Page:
Date: 22 October 2013. Dratted Dishes.
In the continuing saga and hard work of de-cluttering your
dirt dwelling, this week's task is again in the kitchen. As you can
imagine storage space on all but the Queen Mary is rather limited so it's
imperative that we pare down the items accumulated during our
hunter-gatherer years. It should be getting easier to part with the
minutia as the weeks progress. One turning point for my good sport (he's
been providing the pictures in the
series) came when he realized that even his workers didn't want the stuff
he'd been storing in his lockers for years.
Last week we focused on the small appliances that "seemed
like a good idea at the time" and how many we tuck away for years at a
time without using. These are the rejects one person discovered in his
kitchen. He also found two bags of grocery bags and several economy sized
containers of cleanser back under the sink.
Just because you've spent perfectly good
an item doesn't mean you must keep it for a lifetime.
Sometimes remembering the acquisition is enough and
definitely the time is now for ridding yourself of the chaos. When you're out here there really is no bonus for having umpteen
sets of dishes in the lockers. One is quite sufficient unless you keep
kosher in which case two are required. On the water we really don't care
if stuff matches, we don't mind if your good stuff is plastic and if there
isn't a special holiday pattern we won't notice as long as the food on the
dishes is tasty.
None of the trivia that was so important when ashore seems
to exist, at least not among the cruisers I visit. We are more concerned
with books to swap, tuna doors (construction thereof) and important things
like who's hosting the next movie night. Does this heater work? How much
power does that use? What's it like at the next anchorage?
Speaking of anchorages, I found an old picture of Boot Key
Harbor back before it was infested by mooring balls in rigid rows. Take a
look at a bit of history, taken 13 September 2001:
When you're at anchor no one cares that your dishes are
Wedgwood or some other fancy pattern, so today and this week please go
thru your kitchen lockers and remove every plate, bowl and such. What of
those would you like aboard your boat? If your favorites are the "good
china" by all means keep them as there is no reason why you cannot use
expensive nice items aboard your boat. It's your home, so why not use the
HOWEVER every item that you return to the locker must be
one you love. Nothing else! And remember the old saying that should by now
be reverberating in your brain:
The ideal boat sleeps two, feeds four and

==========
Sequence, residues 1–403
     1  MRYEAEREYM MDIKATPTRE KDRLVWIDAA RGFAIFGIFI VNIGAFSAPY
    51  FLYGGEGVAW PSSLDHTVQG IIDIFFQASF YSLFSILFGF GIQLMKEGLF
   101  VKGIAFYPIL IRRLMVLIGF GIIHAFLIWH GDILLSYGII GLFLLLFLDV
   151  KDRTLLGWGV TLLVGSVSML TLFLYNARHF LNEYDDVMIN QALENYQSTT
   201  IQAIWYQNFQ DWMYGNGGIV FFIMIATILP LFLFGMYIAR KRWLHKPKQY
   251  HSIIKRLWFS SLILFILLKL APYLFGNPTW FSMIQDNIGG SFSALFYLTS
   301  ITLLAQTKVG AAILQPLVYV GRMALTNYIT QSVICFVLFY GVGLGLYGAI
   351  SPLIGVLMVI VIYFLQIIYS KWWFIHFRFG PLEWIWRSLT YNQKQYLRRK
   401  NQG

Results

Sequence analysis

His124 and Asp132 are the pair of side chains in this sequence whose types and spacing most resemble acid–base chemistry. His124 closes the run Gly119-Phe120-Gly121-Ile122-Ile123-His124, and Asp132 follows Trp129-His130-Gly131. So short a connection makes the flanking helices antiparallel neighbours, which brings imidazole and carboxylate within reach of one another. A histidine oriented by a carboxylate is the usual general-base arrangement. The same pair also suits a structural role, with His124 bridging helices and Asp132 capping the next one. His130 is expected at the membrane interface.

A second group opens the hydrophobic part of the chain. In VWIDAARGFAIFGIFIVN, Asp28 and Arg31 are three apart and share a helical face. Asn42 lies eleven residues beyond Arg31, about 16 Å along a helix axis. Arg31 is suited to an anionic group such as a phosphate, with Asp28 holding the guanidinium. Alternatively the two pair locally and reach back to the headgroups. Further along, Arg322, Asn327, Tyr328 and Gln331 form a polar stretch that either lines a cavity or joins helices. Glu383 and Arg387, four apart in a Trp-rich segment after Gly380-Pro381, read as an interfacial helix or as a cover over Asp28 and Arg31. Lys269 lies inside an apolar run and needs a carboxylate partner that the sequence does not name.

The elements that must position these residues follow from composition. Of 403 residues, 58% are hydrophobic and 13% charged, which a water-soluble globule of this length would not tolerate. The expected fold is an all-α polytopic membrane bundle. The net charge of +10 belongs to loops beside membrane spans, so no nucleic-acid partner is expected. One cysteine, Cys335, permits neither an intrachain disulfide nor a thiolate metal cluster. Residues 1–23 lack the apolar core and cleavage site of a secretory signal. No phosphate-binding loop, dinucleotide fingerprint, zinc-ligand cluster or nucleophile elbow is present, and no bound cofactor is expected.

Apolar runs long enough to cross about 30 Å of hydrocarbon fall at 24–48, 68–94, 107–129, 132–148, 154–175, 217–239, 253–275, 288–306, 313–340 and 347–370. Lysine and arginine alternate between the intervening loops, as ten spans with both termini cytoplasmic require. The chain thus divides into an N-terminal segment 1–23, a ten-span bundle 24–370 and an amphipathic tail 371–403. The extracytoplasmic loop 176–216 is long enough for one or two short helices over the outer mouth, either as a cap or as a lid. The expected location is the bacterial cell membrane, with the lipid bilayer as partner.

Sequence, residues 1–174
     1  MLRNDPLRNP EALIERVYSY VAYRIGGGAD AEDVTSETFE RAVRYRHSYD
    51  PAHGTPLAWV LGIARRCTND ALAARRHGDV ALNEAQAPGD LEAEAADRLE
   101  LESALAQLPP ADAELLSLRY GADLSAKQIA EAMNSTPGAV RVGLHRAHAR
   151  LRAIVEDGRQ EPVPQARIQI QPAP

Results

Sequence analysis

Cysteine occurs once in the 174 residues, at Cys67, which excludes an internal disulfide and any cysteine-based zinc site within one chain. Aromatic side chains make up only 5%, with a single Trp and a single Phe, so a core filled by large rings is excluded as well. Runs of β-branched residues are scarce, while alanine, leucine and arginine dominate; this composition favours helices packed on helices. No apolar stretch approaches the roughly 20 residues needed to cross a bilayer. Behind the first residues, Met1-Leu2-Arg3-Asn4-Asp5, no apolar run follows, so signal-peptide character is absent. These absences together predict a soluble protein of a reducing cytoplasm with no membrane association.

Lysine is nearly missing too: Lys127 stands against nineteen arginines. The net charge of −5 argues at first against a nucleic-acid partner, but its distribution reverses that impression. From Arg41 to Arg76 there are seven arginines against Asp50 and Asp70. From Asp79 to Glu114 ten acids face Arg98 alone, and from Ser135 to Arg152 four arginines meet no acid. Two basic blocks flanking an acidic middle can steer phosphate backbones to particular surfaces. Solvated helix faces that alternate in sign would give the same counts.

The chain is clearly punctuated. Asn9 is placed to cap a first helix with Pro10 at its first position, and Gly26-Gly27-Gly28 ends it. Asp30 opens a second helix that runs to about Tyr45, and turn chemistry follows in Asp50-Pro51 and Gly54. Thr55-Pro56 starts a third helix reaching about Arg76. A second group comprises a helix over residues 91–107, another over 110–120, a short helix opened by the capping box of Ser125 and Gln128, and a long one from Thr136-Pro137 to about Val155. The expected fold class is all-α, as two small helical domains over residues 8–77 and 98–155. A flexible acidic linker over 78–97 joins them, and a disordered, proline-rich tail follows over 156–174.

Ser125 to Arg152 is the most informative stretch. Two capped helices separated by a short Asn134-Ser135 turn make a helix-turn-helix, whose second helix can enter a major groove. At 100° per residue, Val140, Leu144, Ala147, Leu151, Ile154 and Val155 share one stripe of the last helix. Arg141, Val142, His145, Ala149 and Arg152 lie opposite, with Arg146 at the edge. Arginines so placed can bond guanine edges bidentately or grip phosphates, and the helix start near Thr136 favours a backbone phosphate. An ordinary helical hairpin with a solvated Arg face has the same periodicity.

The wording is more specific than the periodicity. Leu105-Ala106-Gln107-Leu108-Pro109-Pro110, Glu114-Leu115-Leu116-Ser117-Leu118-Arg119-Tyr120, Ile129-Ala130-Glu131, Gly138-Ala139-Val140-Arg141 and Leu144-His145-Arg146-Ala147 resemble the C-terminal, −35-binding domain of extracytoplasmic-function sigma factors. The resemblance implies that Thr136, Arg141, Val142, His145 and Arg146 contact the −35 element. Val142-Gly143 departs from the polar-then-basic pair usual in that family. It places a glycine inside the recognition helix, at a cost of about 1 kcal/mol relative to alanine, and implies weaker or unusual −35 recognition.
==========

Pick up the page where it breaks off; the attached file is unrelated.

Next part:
Thus, the most of any one item aboard your vessel should be
six and really four is generally enough. If you're having that many people
(six) aboard it is likely you'll use disposables so be very particular as
to what you want to keep. Everything else needs to go -- if it's not good
enough for your life afloat and wouldn't earn a place on your boat now is
the time to donate it to a thrift store or the town dump. Only worry this
week with the plates, bowls, your dinner sets and such.
As a reminder, since we started this project we have opted
for the best of:
And this week it's the dishes that get your attention. Yes,
I've got it all mapped out -- before the end of the year if you stick with
the plan you will be clutter free and ready to shop for your dream boat.
Along those lines, there is that thing called research.
Back in the dark days when I was stuck on shore, I had a working file of
sailboats and motorsailers I considered for long-term life aboard. First
do the work (dishes this week) and then visit
HERE and have
The pleasure when you're free of Stuff is unimaginably
great. I wish I'd done this decades ago, but then, well, I was still in
the hunter-gatherer stage of life. This one is so much better not because
I have fewer things (and that's marvelous) but mainly because what I have
is exceptional. When I cross stitch I don't take out boxes of cotton
floss, I have one small box of silks. And when I paint, it's only oils. My
ink pen is a nice one and the scissors I use when crocheting are very
Getting rid of Stuff isn't about doing
it is selecting and keeping only the best.
Take care this week to find your favorites and donate or
dump the rest.
I'd love to hear of your progress.
And, are you interested in the the series continuing?
Hatteras/Krogen demographic ~
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